The price of a house can be intimidating, especially to first-time homebuyers.
The national median listing price set a record of $310,000 in April, according to Realtor.com. At the same time, most first-time buyers are searching for a home priced at $150,000 or less, according to a recent survey from LendingTree.
That kind of discrepancy could chase many would-be homebuyers back to the rental market, scared there’s no way they can buy a home.
But there are many factors in your control that can help you afford a home purchase. Some may require advanced preparation, such as saving and improving your creditworthiness.
In other cases, you just need to be open to more options when it comes to mortgages and houses.
Here are ways to afford your new home.
Find a down payment
The more you contribute to the purchase of your home, the smaller your monthly mortgage payment will be. If you’re able to cough up 20% of the purchase price, you’ll also avoid private mortgage insurance that can add to the monthly cost.
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Before you start your house hunt, add up what you have for a down payment, including a job bonus, your tax refund, savings and gifts from family. If you don’t have a lot – or even anything – for a down payment, all is not lost. Some home buyers can qualify for no- or low down payment options from the Veterans Administration, Agriculture Department and more.
Reduce your DTI
Another key factor to qualify for a mortgage – and afford your home – is the debt-to-income ratio, or DTI. Lenders add up your monthly debt payments including your future mortgage payment and calculate how much that makes up of your monthly gross income.
The higher the ratio, the riskier the borrower. If your DTI is too high, you might not qualify at all. Every lender sets its own DTI requirement. If your DTI is getting close to the edge, you need to reduce your monthly debt obligations. Refinance car loans and consolidate other debts to lower monthly payments.
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When it comes to credit card debt, forget conventional personal finance wisdom of paying down the debts with the highest rates first. In this scenario, you want to pay off debts that have lowest balances and highest monthly payments to immediately reduce your DTI.
“This allows you to get the biggest bang for your buck in bumping up your borrowing power,” says Scott Sheldon, branch manager for New American Funding in California.
Raise your FICO score
Before shopping for a home, it pays to work on improving your credit score before the big purchase. Why? Because it translates into savings.
First, lenders give lower mortgage rates to borrowers with higher credit scores. That means you’ll pay less interest over the life of the loan and your monthly payment will be smaller.
For instance, if you have a credit score of 760 or higher, you qualify for a 3.86% rate on a $216,000 30-year, fixed-rate mortgage, according to FICO. That’s a $1,014 mortgage payment. But if your score is 650, then your rate goes up to 4.9% with a monthly payment of $1,147.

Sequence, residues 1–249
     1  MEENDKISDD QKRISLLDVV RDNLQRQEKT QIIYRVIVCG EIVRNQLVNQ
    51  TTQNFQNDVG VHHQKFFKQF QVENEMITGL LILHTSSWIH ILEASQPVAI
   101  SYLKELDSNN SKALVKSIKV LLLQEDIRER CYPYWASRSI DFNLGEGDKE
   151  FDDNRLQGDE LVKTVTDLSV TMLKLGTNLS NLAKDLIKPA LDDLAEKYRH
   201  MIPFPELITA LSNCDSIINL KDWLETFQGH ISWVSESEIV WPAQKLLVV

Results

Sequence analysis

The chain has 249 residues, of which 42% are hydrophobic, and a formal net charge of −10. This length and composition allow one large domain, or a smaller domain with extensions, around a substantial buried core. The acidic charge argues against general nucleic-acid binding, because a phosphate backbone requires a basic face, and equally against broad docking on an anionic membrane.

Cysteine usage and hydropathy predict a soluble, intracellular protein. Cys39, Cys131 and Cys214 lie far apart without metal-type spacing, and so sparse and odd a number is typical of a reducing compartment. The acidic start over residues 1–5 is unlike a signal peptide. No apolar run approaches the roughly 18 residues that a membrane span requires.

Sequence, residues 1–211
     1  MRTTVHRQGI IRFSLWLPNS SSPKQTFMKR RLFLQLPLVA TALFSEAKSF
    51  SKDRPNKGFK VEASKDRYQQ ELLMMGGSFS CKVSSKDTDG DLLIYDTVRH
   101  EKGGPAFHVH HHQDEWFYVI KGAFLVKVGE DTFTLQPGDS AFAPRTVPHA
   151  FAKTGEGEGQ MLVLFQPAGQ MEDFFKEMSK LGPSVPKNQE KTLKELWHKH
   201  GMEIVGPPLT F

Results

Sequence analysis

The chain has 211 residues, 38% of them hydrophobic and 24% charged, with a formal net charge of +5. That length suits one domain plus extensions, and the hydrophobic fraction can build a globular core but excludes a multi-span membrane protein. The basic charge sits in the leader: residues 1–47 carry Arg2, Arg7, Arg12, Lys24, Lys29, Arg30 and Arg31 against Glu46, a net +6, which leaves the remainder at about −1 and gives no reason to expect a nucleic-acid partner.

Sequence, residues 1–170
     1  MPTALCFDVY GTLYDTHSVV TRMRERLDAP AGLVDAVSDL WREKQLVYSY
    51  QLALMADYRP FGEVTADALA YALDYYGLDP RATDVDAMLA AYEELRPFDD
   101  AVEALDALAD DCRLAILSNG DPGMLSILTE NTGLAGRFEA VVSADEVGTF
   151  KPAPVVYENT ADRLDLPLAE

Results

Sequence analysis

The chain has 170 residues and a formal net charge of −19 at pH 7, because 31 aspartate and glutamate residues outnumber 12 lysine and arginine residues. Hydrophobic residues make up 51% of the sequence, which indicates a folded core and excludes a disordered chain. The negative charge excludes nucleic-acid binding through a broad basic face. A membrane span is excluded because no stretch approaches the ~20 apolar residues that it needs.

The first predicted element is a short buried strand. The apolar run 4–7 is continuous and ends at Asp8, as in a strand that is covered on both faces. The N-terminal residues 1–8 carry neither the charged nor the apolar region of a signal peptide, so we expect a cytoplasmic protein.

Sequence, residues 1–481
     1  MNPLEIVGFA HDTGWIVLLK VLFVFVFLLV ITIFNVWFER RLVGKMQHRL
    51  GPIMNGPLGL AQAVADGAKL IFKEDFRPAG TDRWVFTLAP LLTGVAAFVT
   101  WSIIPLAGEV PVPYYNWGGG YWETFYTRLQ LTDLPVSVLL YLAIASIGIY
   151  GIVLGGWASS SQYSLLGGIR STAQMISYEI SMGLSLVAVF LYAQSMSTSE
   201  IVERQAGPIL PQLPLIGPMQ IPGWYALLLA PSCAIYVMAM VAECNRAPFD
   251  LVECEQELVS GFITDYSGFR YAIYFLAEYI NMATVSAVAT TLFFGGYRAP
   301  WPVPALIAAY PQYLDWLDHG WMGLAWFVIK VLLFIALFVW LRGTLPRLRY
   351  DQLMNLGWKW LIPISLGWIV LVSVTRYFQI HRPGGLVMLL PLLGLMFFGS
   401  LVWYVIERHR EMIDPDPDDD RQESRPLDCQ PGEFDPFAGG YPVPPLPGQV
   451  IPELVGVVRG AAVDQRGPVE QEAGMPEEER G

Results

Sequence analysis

Similarly, your credit score affects the premium you pay for private mortgage insurance, or PMI, which is required if you put down less than 20% of the purchase price.
For example, on a $250,000 home with 10% down, the monthly PMI payment would be $71.25 if your credit score is 750. But if your score is 650, then the PMI payment is almost a $100 more at $170.63 per month, according to John Stearns, senior mortgage originator at American Fidelity Mortgage in Wisconsin.
“If you have a bad credit score, you’re dead in the water,” Stearns says.
The fastest way to improve your credit score: Set up automatic bill payments so you’re never late. Reduce or eliminate the balances on your credit cards to 30% or less of the credit lines. And get rid of any errors on your credit report.
Explore all loans
Don’t fixate on a specific mortgage loan program. Instead, find out all the options available to your from a professional mortgage professional before you even start your search. In fact, it might not be a bad idea to know you qualify for more than one mortgage as you shop around, says Sheldon.
The home you can afford may not be one that checks all the boxes, especially if you’re a first-time buyer in a market with limited entry-level homes. It’s smart to prioritize your absolute must-haves from your would-like-to-haves.
Other quick tips
Interest rate: Another way to lower your mortgage rate – and reduce your monthly payment – is to buy down the rate, says Pava Leyrer, COO of Northern Mortgage in Michigan. You can do a permanent buydown, where the lower interest rate lasts the life of the loan.
Or, you can do a temporary buydown where the lower rates lasts a couple of years. Both require upfront payments at closing. In some cases, the seller will pay for the buydown as a concession.
PMI: You can also eliminate the monthly PMI premium by prepaying the mortgage insurance upfront. The prepayment can be financed into the loan, but results in a lower monthly payment than one with monthly PMI.
Insurance and taxes: What you pay in taxes and insurance can differ by zip code and county, so a house one street over may make a big difference to your monthly payment. Compare insurance rates online and local property taxes. When budgeting, bet that these costs will go up in the future, says Leyrer.